Abstract

A safety-critical measure of legged locomotion performance is a robot's ability to track its desired time-varying position trajectory in an environment, which is herein termed as “global-position tracking.” This paper introduces a nonlinear control approach that achieves asymptotic global-position tracking for three-dimensional (3D) bipedal robots. Designing a global-position tracking controller presents a challenging problem due to the complex hybrid robot model and the time-varying desired global-position trajectory. Toward tackling this problem, the first main contribution is the construction of impact invariance to ensure all desired trajectories respect the foot-landing impact dynamics, which is a necessary condition for realizing asymptotic tracking of hybrid walking systems. Thanks to their independence of the desired global position, these conditions can be exploited to decouple the higher-level planning of the global position and the lower-level planning of the remaining trajectories, thereby greatly alleviating the computational burden of motion planning. The second main contribution is the Lyapunov-based stability analysis of the hybrid closed-loop system, which produces sufficient conditions to guide the controller design for achieving asymptotic global-position tracking during fully actuated walking. Simulations and experiments on a 3D bipedal robot with twenty revolute joints confirm the validity of the proposed control approach in guaranteeing accurate tracking.

1 Introduction

A robot's global position represents its absolute position in an environment. Poor global-position tracking can potentially put the safety of both humans and robots at risk, for example, by causing robots' failure to avoid pedestrians in human-populated environments. To achieve accurate global-position tracking, the zero-moment-point control approach has been introduced based on the zero-moment-point balance criterion and the continuous-time dynamic model of bipedal walking [13]. Yet, bipedal walking is inherently a hybrid process involving both continuous motions (e.g., foot swinging) and discrete impact dynamics (e.g., sudden joint-velocity jumps upon a foot landing) [47]. Achieving reliable global-position tracking by explicitly addressing the hybrid robot dynamics presents substantial challenges.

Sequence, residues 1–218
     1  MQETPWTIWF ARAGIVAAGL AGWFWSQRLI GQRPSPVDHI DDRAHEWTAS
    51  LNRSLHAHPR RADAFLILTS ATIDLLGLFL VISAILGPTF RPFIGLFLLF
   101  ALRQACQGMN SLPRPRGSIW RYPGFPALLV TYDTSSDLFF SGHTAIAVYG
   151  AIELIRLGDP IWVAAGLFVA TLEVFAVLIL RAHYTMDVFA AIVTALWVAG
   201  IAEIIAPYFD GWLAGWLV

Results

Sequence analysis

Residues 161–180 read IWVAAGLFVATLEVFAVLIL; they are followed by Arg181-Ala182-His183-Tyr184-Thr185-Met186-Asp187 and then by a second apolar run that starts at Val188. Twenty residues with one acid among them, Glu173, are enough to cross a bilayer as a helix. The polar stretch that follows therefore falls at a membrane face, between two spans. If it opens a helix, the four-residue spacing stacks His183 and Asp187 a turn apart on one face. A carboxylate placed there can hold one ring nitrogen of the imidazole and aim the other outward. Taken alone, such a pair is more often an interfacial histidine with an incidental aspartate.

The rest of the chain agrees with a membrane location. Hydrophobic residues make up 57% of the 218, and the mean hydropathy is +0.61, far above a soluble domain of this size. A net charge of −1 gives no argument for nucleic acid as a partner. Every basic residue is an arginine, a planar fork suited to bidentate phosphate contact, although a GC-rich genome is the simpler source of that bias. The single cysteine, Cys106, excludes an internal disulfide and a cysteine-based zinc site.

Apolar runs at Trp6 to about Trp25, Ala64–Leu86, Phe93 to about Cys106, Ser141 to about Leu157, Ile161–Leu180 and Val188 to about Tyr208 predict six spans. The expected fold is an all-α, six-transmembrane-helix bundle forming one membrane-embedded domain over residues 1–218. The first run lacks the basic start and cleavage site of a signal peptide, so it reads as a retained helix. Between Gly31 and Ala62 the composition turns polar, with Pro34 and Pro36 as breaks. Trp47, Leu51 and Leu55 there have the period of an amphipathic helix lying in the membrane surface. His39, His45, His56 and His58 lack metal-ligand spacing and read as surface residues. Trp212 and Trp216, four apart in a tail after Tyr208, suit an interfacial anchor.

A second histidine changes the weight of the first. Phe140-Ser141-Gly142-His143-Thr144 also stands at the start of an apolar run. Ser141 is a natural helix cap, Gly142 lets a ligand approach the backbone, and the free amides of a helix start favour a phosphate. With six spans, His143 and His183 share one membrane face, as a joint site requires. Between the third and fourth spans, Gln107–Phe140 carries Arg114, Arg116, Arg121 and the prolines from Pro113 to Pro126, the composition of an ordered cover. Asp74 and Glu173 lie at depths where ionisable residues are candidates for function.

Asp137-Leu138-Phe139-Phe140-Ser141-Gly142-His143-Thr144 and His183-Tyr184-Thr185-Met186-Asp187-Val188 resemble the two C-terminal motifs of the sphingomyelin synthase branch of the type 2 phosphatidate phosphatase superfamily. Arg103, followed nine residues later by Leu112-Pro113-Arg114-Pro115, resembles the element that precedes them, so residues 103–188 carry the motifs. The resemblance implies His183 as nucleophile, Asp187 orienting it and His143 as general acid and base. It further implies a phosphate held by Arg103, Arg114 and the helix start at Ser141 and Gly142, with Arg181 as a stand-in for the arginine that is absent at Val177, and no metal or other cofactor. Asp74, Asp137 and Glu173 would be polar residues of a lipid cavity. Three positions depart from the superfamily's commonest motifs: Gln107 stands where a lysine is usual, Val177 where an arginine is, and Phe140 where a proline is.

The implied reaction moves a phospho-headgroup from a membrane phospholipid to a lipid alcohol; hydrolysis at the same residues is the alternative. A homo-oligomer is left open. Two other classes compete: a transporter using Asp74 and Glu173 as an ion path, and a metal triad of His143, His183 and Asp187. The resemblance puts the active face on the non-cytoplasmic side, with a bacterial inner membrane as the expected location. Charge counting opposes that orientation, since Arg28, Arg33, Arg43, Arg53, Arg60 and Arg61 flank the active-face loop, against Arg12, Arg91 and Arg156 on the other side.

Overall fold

This study focuses on addressing the challenges associated with: (a) lower-level trajectory generation (i.e., level 2 in Fig. 1) and (b) controller design (i.e., level 3 in Fig. 1). It is assumed that the desired global path and the desired time-varying position trajectory along the path have both been provided by a higher-level planner (i.e., level 1 in Fig. 1) without impact dynamics considered.

Fig. 1
Overview of the proposed control approach. This study focuses on impact invariance construction in level 2 and stability analysis and controller design in level 3.
Fig. 1
Overview of the proposed control approach. This study focuses on impact invariance construction in level 2 and stability analysis and controller design in level 3.
Close modal

One challenge in the lower-level trajectory generation (i.e., level 2 in Fig. 1) for a hybrid robot model is to respect both continuous dynamics and the discrete impact dynamics, which is computational heavier than just respecting the continuous dynamics [8]. For the controller to achieve asymptotic tracking based on a hybrid robot model, the desired trajectories need to agree with the impact dynamics; i.e., their pre- and postimpact values should satisfy the impact map. This is because the impact dynamics cannot be directly controlled due to their infinitesimally short duration [912]. Yet, the additional computational load caused by respecting the nonlinear impact map could be amplified when frequent replanning is needed during real-world tasks such as dynamic obstacle avoidance in cluttered environments.

Another challenge is the closed-loop stability analysis of the hybrid dynamical system that produces sufficient conditions to guide the controller derivation (i.e., level 3 in Fig. 1). Such a stability analysis is complex because a closed-loop system capable of stabilizing a time-varying global-position trajectory is hybrid, nonlinear, and time-varying with uncontrolled, state-triggered impact dynamics.

1.1 Related Work on Orbitally Stabilizing Control.

The most widely studied control approach that explicitly addresses the hybrid walking dynamics is the hybrid zero dynamics (HZD) method [1318]. The HZD method provably stabilizes dynamic walking motions through orbital stabilization of the hybrid closed-loop control system. It has realized remarkable performance for various gait types such as periodic underactuated [19,20], fully actuated [21], and multidomain walking [22].